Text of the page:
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House passes bill to halt refugee program and strengthen screening measures
U.S. Congressman Mac Thornberry (R-Clarendon) voted today in support of a bill that would put a hold on Iraq and Syrian refugees entering the U.S. until multiple intelligence agencies verify that the individual is not a threat to American security. The “American Security Against Foreign Enemies Act,” H.R. 4038, passed the House by a vote of 289-137, which would override the President’s veto if replicated.
The bill would add additional layers of security screening to require all three of the top national security chiefs – the directors of the Federal Bureau of Investigation (FBI) and National Intelligence (DNI) and the Secretary of the Department of Homeland Security (DHS) – certify to Congress that each refugee is not a security threat to the U.S. This is not currently done.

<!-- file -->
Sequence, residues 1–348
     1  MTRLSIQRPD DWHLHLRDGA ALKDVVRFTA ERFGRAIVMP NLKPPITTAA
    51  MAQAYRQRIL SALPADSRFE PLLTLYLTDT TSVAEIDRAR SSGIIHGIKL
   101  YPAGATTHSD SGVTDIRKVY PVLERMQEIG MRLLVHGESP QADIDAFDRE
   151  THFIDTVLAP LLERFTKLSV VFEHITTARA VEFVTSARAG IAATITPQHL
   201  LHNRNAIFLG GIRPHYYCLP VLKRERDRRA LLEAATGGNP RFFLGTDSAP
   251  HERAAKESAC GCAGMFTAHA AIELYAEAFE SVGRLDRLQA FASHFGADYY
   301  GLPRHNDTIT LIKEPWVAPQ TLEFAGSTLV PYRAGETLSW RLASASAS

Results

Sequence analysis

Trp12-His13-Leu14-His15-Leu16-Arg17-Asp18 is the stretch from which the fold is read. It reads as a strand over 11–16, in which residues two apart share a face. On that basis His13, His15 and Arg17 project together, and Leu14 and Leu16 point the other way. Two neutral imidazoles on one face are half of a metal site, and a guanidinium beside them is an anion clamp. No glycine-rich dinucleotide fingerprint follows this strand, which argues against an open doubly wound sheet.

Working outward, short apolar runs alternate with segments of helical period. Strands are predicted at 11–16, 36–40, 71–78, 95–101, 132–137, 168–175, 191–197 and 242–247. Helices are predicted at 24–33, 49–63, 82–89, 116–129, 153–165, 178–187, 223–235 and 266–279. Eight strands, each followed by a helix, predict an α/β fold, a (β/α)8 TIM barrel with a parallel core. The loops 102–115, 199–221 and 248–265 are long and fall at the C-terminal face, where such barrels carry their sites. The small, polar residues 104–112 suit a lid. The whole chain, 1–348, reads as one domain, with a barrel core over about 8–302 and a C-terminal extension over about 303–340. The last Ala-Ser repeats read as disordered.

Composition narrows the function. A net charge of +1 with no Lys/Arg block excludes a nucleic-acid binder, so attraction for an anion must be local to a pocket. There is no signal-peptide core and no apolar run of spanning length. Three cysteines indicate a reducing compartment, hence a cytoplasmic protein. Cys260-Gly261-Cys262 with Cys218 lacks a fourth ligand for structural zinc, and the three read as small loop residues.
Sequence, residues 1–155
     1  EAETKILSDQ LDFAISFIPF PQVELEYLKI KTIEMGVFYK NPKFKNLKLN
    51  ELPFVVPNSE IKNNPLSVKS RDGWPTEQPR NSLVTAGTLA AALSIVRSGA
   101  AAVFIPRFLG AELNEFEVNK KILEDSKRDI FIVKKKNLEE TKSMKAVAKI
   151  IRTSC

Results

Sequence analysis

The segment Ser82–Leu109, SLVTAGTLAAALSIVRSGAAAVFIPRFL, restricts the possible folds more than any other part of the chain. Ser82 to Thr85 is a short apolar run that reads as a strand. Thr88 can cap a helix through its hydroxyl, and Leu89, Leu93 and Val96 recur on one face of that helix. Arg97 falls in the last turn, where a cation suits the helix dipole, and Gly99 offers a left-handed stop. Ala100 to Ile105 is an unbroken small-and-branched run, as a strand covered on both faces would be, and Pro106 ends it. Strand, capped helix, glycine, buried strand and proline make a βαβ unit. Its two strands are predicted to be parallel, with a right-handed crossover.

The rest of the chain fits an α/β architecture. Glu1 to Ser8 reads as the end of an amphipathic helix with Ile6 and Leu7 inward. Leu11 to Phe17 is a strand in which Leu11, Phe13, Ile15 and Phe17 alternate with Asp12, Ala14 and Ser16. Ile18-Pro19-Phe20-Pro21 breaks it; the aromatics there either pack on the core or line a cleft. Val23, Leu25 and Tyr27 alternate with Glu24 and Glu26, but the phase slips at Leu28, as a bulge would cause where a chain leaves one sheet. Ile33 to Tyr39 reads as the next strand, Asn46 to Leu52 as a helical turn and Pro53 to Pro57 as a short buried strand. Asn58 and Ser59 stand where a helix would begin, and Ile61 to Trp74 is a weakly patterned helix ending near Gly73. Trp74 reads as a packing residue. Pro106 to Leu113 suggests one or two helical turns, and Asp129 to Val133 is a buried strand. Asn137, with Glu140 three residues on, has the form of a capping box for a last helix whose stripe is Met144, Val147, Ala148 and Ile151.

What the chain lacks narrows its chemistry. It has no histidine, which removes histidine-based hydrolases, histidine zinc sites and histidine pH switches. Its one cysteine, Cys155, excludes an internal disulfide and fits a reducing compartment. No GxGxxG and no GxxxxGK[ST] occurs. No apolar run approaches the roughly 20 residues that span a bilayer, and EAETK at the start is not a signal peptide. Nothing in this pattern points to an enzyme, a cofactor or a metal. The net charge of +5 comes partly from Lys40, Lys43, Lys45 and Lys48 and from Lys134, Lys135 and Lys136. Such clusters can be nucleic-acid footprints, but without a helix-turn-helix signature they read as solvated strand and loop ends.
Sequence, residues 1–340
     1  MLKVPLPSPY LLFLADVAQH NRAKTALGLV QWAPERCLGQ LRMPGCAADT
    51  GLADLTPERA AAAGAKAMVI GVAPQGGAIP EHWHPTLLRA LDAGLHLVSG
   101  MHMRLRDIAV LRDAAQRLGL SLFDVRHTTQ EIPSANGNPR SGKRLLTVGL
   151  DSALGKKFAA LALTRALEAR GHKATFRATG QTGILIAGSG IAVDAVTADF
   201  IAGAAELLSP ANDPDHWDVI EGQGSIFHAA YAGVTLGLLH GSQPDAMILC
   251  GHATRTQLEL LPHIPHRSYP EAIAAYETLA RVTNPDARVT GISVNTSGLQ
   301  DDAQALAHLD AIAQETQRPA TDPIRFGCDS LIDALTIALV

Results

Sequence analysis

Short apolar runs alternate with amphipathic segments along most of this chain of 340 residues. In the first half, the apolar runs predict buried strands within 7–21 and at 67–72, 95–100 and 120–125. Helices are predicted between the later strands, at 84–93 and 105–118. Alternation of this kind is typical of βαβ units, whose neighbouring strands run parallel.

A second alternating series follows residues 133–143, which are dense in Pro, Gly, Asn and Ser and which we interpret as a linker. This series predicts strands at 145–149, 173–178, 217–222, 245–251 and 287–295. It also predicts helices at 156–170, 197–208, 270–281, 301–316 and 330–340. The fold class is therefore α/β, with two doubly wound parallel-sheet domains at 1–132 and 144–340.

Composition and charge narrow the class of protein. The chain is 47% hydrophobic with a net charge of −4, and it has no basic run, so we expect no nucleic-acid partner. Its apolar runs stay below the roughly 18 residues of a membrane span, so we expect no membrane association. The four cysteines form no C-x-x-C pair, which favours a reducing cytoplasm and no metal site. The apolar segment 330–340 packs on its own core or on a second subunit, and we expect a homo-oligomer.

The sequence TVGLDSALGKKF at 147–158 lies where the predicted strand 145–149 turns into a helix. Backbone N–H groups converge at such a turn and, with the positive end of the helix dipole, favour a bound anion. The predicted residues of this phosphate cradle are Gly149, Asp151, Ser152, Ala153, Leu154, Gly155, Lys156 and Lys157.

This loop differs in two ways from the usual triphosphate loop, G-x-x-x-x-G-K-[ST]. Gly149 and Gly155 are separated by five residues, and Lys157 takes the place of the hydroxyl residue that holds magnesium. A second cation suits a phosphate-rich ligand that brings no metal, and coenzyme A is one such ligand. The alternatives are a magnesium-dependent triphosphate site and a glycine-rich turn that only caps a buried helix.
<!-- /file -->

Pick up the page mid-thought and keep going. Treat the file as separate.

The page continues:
“We must be able to fully verify that these refugees pose no threat to our security. If that determination is not made then they shouldn’t enter the U.S.,” said Thornberry. “This bill would effectively halt the resettlement of refugees from Syria and Iraq by inserting additional security protocols to our current process.”
Specifically, the bill would require:
“It is also important to remember that even if we stopped the refugee program altogether, our safety from terrorist attacks would not be guaranteed,” Thornberry continued. “We must remain vigilant, and the best way to do that is with good intelligence. Unfortunately, over the past seven years, we have continually tied our own hands when it comes to gathering intelligence to identify and counter national security threats.”